In other news, the admiral said he thought the news media had over-hyped the importance of problems with an engine of Lockheed Martin’s Littoral Combat Ship that came to light the middle of last month. He said such engines are routinely replaced and said he wasn’t just trying to talk up the program. Turbine blades had broken. That is a not uncommon problem with jet engines, the CNO said. “To cite that as a flaw in the ship just doesn’t make sense,” he said. The contract for the next tranche of LCS should be awarded next month, he said.

Also, Roughead told us his service has identified $28 billion in efficiencies over the Future Fears Defense Plan (FYDP). “Most of the savings” were scraped from multiyear buys, new product lines (no examples offered) and from “overhead structure.” He said the Navy moves have “actually enhanced readiness<’ in part because they have moved more people to serve on ships.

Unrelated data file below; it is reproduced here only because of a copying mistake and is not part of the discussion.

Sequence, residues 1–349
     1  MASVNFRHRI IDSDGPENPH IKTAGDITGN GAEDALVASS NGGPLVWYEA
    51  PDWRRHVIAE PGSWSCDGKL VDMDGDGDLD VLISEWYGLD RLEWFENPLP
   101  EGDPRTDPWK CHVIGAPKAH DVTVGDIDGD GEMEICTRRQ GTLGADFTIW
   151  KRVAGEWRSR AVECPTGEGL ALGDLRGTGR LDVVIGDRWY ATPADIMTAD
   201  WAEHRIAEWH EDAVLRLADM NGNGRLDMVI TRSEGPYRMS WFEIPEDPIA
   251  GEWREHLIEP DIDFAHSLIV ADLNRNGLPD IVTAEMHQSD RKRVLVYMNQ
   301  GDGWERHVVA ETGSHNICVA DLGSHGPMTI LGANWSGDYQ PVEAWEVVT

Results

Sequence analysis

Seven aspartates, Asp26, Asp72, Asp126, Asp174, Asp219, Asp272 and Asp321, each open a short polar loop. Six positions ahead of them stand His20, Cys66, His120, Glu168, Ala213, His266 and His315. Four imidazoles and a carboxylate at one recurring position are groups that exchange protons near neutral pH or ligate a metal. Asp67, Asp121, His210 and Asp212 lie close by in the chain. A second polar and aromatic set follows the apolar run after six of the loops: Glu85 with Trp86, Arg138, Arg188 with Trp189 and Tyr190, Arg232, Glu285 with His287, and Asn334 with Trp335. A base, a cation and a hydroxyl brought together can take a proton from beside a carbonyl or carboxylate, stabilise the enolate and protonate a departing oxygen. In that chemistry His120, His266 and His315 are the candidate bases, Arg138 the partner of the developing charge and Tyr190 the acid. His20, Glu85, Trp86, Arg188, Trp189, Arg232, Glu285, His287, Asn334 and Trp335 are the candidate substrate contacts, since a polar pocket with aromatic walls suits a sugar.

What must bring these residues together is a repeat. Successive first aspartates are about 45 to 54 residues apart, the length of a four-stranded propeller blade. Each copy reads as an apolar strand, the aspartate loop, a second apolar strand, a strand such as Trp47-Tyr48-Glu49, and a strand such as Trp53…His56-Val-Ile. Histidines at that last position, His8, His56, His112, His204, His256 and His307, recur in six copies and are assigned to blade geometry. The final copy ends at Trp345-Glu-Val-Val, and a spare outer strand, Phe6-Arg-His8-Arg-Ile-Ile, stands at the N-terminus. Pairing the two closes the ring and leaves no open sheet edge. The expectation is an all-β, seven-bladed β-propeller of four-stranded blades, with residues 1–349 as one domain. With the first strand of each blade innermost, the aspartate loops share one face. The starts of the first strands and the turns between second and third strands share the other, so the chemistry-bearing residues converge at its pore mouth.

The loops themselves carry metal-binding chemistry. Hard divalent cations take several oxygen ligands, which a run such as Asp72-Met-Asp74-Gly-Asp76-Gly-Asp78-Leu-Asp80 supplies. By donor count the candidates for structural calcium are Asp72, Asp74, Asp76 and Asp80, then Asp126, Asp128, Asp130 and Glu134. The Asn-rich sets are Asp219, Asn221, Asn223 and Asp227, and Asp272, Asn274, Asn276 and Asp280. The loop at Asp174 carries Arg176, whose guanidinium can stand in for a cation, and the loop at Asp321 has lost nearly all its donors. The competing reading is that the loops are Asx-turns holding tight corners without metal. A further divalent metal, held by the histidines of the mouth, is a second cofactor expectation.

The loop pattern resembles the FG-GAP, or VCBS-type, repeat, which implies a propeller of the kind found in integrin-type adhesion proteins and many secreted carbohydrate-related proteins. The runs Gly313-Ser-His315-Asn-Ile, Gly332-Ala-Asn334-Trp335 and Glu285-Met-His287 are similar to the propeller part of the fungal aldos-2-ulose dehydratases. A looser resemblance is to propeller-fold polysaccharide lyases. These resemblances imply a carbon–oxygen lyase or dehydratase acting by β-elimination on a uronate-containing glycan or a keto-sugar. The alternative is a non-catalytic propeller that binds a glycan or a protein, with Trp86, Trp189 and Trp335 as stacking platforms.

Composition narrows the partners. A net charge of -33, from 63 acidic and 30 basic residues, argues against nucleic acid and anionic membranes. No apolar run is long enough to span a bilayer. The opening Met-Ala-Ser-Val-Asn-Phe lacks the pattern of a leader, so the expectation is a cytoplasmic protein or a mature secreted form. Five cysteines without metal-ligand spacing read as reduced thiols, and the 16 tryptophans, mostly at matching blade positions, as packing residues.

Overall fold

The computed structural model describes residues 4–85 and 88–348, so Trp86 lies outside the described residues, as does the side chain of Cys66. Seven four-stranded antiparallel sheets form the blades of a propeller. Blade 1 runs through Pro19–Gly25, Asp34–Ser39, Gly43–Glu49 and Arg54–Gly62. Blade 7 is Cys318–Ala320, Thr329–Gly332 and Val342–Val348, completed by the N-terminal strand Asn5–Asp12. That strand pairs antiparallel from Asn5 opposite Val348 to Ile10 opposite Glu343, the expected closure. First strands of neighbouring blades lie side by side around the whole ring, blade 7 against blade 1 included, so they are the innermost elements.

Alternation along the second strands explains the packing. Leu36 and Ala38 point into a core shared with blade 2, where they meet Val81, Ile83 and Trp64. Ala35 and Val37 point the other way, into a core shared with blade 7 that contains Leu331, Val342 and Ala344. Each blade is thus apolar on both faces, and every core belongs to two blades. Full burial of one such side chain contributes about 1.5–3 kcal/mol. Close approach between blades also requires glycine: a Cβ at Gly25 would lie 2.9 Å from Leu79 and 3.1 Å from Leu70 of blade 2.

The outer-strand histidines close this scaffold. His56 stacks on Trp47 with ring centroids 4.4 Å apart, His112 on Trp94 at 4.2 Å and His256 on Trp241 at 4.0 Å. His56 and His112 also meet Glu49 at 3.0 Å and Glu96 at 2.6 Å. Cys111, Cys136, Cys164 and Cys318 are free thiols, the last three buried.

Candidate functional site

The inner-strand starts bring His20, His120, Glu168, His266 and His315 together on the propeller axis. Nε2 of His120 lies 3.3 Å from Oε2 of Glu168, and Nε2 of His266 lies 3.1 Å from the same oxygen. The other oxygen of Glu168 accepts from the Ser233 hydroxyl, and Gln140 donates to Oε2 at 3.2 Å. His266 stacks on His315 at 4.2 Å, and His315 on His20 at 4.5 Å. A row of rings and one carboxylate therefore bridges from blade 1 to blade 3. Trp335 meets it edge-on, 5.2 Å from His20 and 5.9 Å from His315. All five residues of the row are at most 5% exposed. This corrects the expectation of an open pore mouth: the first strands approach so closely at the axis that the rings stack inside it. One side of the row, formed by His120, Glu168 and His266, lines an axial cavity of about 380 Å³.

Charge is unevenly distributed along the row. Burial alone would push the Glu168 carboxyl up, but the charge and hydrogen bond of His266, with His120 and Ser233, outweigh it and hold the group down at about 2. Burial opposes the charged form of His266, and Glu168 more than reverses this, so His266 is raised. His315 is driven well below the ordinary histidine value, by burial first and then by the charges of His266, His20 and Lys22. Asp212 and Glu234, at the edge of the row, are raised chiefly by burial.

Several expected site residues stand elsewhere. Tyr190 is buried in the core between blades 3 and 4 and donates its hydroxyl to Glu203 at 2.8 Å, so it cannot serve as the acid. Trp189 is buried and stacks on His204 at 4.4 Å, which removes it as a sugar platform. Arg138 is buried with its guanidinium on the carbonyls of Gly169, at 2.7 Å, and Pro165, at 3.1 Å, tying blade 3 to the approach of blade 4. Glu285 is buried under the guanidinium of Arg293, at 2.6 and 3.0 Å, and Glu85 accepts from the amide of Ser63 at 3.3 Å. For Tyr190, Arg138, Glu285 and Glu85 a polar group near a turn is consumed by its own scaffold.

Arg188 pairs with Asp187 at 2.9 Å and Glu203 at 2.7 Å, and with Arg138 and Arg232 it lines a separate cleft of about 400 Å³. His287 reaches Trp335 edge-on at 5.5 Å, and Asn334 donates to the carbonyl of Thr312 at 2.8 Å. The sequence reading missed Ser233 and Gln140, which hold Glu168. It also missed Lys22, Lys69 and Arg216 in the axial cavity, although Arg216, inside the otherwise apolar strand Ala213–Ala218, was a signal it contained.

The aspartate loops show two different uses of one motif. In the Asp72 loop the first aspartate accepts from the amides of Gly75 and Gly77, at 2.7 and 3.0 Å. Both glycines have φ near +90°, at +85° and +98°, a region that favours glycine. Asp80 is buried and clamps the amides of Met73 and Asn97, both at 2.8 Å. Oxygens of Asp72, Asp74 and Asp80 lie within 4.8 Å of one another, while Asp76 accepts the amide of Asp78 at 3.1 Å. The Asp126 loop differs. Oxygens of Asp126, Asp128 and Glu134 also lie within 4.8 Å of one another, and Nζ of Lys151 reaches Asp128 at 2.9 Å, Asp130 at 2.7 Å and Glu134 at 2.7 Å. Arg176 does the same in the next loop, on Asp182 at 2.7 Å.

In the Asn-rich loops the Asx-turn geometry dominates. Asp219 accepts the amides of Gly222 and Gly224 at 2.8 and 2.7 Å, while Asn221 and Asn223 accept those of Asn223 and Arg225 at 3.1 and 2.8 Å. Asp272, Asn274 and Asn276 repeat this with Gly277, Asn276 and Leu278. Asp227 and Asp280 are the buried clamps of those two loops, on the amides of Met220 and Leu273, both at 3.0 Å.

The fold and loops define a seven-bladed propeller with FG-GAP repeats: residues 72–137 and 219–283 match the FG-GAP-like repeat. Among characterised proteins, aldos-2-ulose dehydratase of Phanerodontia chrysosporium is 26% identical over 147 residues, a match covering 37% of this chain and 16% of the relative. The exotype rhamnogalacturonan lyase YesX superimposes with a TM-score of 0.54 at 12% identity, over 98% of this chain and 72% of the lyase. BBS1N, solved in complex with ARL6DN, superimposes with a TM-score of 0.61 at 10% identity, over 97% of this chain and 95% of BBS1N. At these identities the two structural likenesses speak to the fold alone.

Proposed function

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“He said such engines are routinely replaced .…”

Please tell me the admiral was misquoted? I never heard of a situation where ship’s engines were “routinely” replaced.

Since Roughead thinks that the LCS has anything to do with worthwhile naval power, he is part of the problem and not part of the solution.

As I understand it these engines are very similar to a jet engine. He was saying that just as those are replaced so would a similar engine.

Good Evening Folks,